Dianthus / Carnations / Clove Pinks (Dianthus caryophyllus). Flavor: Sweetly Spicy clove

Dill (Anthem graveolens). Flavor: Dill

English Daisy (Bellis perrenis). Flavor: Crisp and leafy

Fennel (Foeniculum vulgaris) Flavor: Mild anise / licorice

Fuchsia (Fuchsia X hybridis). Flavor: Crisp, bland to mildly tart. Fricken gorgeous in salads!

(Source:, photo sources: Wikipedia Commons)

Edible Flowers

Today’s post is about edible flowers! I first got interested in edible flowers when I started the Armagarden. That’s my mash-up of Armageddon and Garden. It’s what I jokingly call my Veggie/Edibles Garden, since Hubs (also jokingly) says it is what will help sustain us once we run out of gasoline and enter Mad Max Times.

We live on a large corner lot at a busy intersection. My kids rake in the dough at the lemonade and art & artifact stands they set up throughout the year, but that’s a post for another time. My point is that our yard is highly visible from all four sides of our house.

Hubs thinks that Veggie Gardens are kind of ugly. I completely disagree, but I digress, again. Since he wasn’t all that excited about having a Veggie Garden visible to everyone that passed by our house, I decided to pretty it up for him by adding edible flowers and other ornamental edibles / edible ornamentals.

I planted several varieties and they filled our salads, garnished our plates, and amazed our potluck participants. They add loads of color and nutrition to your plate and they are so much fun, they even encouraged my kids to eat more salads and healthy whatnots. So I decided to share the joy with you, friends!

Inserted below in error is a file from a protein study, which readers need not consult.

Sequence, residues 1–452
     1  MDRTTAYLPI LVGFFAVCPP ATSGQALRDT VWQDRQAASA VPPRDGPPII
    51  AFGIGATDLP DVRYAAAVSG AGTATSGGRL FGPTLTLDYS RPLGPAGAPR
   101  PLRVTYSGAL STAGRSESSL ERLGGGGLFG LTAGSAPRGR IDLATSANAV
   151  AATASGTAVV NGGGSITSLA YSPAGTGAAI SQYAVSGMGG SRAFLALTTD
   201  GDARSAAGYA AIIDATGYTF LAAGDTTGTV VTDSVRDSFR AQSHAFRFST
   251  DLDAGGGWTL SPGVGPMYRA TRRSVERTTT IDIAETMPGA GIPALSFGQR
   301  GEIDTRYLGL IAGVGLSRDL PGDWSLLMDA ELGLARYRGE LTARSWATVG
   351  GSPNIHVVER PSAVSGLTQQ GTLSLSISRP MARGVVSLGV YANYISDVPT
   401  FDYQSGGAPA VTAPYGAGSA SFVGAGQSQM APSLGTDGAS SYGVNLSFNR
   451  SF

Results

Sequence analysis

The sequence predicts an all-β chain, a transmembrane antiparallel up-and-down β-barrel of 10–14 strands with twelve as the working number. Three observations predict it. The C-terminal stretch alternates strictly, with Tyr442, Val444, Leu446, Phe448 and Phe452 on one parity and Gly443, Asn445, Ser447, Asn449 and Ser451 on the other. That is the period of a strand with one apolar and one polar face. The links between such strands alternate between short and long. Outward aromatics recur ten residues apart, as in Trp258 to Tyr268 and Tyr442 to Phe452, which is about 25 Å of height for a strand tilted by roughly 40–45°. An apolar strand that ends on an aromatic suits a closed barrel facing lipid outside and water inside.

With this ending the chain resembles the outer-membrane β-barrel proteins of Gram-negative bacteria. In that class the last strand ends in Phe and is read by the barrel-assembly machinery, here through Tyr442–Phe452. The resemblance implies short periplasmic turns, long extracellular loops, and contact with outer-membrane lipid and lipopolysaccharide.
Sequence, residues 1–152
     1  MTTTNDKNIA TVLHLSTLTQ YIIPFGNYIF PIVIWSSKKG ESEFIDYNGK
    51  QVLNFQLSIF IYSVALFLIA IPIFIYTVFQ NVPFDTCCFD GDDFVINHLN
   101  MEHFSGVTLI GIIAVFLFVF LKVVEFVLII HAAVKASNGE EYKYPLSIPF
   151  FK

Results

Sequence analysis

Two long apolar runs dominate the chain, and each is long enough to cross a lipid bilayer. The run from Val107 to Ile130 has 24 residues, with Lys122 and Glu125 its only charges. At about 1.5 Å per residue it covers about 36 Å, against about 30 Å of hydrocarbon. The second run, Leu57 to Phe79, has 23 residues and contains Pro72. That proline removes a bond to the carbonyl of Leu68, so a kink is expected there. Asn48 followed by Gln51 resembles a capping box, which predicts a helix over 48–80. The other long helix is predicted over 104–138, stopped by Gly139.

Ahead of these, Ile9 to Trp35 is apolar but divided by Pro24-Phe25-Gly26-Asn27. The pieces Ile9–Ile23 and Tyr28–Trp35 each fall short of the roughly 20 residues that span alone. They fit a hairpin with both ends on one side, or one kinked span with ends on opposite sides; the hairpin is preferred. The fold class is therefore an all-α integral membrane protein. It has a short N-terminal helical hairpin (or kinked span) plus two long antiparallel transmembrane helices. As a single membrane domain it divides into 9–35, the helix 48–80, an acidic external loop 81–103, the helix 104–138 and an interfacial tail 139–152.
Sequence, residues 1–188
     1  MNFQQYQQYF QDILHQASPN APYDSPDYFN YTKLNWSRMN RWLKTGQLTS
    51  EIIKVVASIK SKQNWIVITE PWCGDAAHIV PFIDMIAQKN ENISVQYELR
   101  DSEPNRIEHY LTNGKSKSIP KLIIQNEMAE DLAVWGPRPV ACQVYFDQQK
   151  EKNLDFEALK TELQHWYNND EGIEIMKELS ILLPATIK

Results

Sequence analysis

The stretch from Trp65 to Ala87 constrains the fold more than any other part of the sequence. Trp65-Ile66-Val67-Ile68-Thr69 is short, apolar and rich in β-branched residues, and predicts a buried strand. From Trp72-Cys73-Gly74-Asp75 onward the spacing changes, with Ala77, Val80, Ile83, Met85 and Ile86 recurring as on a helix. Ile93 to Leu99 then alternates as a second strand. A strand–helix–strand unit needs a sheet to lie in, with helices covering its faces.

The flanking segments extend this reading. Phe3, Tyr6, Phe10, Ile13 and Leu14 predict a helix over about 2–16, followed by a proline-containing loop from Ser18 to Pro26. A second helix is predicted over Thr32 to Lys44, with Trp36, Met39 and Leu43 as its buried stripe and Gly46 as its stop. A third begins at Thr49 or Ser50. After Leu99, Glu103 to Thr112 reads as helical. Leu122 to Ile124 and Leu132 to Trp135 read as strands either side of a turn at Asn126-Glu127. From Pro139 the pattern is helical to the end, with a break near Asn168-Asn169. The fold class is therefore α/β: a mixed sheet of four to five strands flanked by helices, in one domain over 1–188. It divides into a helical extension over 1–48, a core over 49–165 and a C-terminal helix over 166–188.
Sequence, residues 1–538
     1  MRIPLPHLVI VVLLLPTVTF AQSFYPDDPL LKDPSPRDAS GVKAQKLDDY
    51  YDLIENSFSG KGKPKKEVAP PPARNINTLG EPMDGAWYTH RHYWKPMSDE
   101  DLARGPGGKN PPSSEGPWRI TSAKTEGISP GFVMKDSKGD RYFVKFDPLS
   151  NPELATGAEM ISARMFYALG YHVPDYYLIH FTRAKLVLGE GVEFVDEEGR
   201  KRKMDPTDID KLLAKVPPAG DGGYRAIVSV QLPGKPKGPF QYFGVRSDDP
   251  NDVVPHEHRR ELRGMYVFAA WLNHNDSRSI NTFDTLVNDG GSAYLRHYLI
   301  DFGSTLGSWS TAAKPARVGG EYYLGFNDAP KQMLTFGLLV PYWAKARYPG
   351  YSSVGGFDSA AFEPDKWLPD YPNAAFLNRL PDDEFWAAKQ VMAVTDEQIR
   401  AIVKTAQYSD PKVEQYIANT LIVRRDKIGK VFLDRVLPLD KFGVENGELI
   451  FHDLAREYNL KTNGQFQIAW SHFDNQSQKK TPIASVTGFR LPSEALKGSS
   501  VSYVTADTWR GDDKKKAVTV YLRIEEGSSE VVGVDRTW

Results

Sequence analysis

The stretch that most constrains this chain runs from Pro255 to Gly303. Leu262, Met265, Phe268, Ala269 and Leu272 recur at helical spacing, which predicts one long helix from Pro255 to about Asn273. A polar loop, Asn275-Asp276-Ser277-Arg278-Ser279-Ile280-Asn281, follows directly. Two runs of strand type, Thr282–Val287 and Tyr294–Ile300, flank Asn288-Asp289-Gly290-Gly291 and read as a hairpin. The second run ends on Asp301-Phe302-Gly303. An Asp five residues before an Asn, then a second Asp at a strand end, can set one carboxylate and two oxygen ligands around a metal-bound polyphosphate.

There are tons of recipes on the interwebs using edible flowers (I mostly used them for green salads, potato salads, pasta salads, all kinds of salads), but first I should share a few warnings…

1. Don’t eat flowers that have been treated with pesticides, including any flowers purchased at florists, grocery stores, etc. unless they are specifically marked “edible”. Regardless of your thoughts about using commercial pesticides on your veggie garden, the pesticides used for ornamental flowers are NOT tested for consumption and could be considerably stronger and much more dangerous.

2. Don’t eat flowers unless you are certain of their identity. A few edible flowers closely resemble poisonous varieties. Not many, but still… Err on the side of safety.